If you were wondering what Andy Milonakis has been up to since the mid 2000s, perhaps this is a sign that you should stop wondering.
If you're looking to make a quick buck (or a billion), consider going into finance or starting a multinational retail super company.
Despite reports, Henry Cavill probably didn’t earn much more for Man of Steel.
85% of side-gig workers make less than $500 a month. And of all the side-gig platforms we examined, Airbnb hosts earn the most by far.
But they’re still voting Republican.
They want to give universities vague bromides about their students instead of concrete grades.
Miller Knives turns the fictional weapon — designed to slice, stab and block — into a magical reality.
Cristal! Caviar! Chris Martin! How the rich (and sometimes famous) get married.
With the Fiduciary Rule in doubt, seeking professional advice on your money remains a dangerous proposition.
Instead of a long form, data-driven piece on income inequality, we'll take a potentially oversimplified explanation composed of gummy bears and M&Ms.
Concierge practices, where patients pay several thousand dollars a year so they can quickly reach their primary care doctor, with guaranteed same-day appointments, have been around for decades. But these aren’t the concierge doctors you’ve heard about — and that’s intentional.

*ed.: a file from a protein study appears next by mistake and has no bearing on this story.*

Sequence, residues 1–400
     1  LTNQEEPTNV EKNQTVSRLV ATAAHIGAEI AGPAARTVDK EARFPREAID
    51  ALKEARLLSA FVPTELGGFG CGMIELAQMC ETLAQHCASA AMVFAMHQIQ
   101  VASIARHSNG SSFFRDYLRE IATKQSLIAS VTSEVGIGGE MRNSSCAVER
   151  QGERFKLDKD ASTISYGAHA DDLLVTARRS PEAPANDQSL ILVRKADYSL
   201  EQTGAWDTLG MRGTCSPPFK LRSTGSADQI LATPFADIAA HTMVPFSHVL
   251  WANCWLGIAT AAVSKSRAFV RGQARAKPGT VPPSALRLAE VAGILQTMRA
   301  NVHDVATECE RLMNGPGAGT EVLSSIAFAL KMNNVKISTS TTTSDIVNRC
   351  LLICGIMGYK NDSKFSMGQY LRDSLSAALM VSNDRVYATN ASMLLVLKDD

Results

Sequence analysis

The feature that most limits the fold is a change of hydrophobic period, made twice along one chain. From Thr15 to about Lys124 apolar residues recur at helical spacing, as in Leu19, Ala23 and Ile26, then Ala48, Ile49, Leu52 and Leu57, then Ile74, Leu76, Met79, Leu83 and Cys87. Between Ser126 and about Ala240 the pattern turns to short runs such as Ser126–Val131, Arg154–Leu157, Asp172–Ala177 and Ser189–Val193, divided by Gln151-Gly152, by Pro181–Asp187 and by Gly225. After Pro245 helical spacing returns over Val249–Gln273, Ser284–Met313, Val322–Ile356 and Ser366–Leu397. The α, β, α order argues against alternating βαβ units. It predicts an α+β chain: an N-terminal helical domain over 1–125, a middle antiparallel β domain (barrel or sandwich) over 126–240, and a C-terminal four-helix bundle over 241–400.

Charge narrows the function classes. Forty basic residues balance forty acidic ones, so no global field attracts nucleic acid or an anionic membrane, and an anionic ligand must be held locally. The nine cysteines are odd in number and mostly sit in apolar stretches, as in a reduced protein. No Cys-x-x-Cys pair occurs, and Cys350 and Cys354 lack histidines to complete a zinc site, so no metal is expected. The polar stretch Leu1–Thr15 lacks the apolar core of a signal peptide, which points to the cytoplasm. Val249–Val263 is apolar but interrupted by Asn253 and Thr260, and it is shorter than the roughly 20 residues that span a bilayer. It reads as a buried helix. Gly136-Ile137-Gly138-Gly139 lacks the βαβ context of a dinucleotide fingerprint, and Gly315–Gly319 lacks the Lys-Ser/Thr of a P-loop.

Rich people go to Vegas to spend money. Really rich people go to Vegas to learn how to make money.
A new book argues that the top 20 percent of Americans — those with six-figure incomes and above — dominate the best schools, live in the best-located homes and pass on the best futures to their kids.
According to a new study pulling numbers from 250 economic regions in Sweden, Norway and Finland, it all depends on what kind of jobs are created.
Most childless single people are not the emotionally untethered and financially untroubled beings that employers sometimes believe them to be.
CEOs of big companies make a lot of money, but exactly how much do they make — and who makes the most?
Professional education in business is a good idea, badly executed.
With a flagship treatment that helps fewer than 11,000 people, how is Alexion making so much money?
"I threw out a hard drive with 1400 Bitcoins on it. This is probably one of the stupidest things, in hindsight, that I've ever done. And I've done a lot of stupid things a lot of times."
Eight-and-a-half years after the infamous Satoshi Nakamoto white paper announcing a decentralized, semi-anonymous currency that would subvert oppressive governments and greedy middlemen, the experience of doing any transaction in bitcoin is still extremely broken.
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